Apple Inc. (NASDAQ:AAPL) has moved quickly to seize Samsung by the jugular following its win last week in the landmark patent infringement case.

Apple Inc. (NASDAQ:AAPL) filed today for a preliminary injunction on Samsung’s sale of only eight devices, out of the 28 products that were found guilty of infringement of Apple’s patents. The application will come up for hearing on September 20.

Samsung 8 Products Ban

The eight devices named in the injunction application are the Galaxy S 4G, Galaxy S2 AT&T, Galaxy S2 Skyrocket, Galaxy S2 T-Mobile, Galaxy S2 Epic 4G, Galaxy S Showcase, Droid Charge, and the Galaxy Prevail.

The graphic displayed above shows the product wise violation by kind of patent, and it appears the Galaxy S 4G is the biggest culprit, having infringed all seven categories and types.

However, the battle is far from over as far as Samsung’s Galaxy Tab 10.1 tablet computer, currently the subject of a ban on sales in the U.S., is concerned.

This product was not held to infringe an Apple Inc. (NASDAQ:AAPL) design patent, and hence Samsung requested a U.S. District Judge yesterday to lift the sales ban, and to grant it damages for being subjected to an improper sales ban.

However, Apple Inc. (NASDAQ:AAPL) has opposed Samsung’s move, and instead requested that the ban be extended to a cellular version of the device, saying in its filing that “While the cellular version of the Galaxy Tab 10.1 was not included in the verdict form, it is not colorably different from the products that the jury found to be infringing as to some Apple utility patents, and thus should be covered by an injunction against sales of products that infringe those patents.”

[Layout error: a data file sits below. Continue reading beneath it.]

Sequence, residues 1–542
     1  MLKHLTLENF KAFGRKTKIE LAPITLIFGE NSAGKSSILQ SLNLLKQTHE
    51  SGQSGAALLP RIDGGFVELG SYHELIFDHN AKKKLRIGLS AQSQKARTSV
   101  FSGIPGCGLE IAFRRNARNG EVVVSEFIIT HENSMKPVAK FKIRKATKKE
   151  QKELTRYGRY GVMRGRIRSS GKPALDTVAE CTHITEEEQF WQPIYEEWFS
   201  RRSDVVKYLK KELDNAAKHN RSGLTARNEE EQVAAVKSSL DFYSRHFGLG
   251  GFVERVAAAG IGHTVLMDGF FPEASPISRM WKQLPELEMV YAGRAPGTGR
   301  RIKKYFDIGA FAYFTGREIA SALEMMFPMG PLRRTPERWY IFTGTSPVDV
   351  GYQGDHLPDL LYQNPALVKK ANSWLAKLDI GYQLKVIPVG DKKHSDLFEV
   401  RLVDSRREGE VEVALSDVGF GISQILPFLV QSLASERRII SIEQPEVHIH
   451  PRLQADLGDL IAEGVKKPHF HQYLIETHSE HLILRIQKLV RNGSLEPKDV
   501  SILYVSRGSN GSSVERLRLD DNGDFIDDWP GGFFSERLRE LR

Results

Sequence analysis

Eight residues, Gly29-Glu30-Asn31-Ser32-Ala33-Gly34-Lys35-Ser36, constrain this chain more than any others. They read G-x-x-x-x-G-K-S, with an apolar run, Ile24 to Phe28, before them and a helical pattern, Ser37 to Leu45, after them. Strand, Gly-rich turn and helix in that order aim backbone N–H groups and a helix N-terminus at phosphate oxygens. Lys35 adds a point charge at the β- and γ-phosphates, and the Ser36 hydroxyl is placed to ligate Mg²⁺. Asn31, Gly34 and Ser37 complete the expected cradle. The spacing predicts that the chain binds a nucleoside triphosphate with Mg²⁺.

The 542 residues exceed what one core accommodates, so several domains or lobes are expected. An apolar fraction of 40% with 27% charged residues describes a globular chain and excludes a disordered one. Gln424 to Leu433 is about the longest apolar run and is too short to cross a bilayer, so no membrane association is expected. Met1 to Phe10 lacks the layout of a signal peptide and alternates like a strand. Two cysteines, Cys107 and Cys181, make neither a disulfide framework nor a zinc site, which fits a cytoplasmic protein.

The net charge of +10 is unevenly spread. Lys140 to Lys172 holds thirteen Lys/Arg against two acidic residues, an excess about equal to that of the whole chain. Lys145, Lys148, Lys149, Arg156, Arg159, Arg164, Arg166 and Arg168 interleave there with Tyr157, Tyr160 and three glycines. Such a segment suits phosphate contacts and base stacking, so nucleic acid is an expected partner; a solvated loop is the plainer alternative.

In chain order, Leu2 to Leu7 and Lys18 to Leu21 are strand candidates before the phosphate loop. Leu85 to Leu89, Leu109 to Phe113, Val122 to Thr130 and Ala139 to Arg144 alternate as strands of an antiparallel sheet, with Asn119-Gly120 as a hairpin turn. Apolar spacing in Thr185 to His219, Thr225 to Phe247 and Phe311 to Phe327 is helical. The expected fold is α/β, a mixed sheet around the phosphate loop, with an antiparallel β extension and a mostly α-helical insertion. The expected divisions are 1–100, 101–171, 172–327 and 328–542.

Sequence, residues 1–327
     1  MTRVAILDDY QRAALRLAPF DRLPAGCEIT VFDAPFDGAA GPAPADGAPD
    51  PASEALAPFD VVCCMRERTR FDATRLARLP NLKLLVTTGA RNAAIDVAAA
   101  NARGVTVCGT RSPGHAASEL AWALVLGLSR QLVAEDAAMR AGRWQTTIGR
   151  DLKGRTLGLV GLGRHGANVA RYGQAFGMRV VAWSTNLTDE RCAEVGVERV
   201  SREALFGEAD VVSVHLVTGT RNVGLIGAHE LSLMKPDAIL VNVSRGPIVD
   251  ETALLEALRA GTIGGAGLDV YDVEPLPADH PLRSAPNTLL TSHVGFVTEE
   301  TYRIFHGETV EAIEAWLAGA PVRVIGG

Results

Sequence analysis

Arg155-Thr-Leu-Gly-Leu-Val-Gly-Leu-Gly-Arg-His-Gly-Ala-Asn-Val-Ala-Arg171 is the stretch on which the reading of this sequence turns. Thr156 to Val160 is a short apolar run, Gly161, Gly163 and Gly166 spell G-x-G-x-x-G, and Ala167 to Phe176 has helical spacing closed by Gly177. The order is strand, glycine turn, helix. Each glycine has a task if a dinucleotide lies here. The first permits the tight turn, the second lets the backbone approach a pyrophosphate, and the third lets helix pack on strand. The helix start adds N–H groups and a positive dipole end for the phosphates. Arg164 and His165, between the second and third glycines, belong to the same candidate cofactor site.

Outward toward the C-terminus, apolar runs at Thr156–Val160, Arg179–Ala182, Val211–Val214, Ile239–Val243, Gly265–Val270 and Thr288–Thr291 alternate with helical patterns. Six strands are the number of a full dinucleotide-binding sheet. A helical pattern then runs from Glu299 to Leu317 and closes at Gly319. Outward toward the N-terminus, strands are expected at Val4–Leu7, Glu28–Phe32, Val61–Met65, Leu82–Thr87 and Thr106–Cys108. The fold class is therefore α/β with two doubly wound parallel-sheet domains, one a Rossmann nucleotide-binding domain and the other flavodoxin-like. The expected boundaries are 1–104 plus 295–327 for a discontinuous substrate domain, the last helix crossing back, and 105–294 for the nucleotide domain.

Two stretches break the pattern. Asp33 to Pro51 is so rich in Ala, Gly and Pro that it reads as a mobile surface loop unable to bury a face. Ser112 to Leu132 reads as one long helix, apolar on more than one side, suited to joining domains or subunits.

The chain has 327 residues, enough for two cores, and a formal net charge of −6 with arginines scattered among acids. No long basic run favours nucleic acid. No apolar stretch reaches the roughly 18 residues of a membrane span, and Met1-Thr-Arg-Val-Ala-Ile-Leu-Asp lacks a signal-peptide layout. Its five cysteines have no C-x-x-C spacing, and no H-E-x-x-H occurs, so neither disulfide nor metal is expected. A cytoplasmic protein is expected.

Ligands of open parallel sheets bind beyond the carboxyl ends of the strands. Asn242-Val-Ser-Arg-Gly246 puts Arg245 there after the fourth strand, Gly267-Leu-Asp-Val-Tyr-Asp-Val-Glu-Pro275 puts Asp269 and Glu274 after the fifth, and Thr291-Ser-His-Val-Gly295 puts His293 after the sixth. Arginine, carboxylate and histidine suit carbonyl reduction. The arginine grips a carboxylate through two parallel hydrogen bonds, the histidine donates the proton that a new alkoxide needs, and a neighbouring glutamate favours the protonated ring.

Last Friday a federal jury delivered their verdict in favor of Apple, awarding it damages of $1.05 billion and held Samsung guilty of infringing a number of its patent rights. Apple has moved its application for a preliminary injunction on the ban of infringing Samsung products, and the successful implementation of the ban could result in a large void in the supply of smartphones – something that could benefit struggling smartphone makers, such as RIM and Nokia Corporation (NYSE:NOK), and also Microsoft Corporation (NASDAQ:MSFT), whose Windows 8 software finds application in Nokia’s Lumia phones.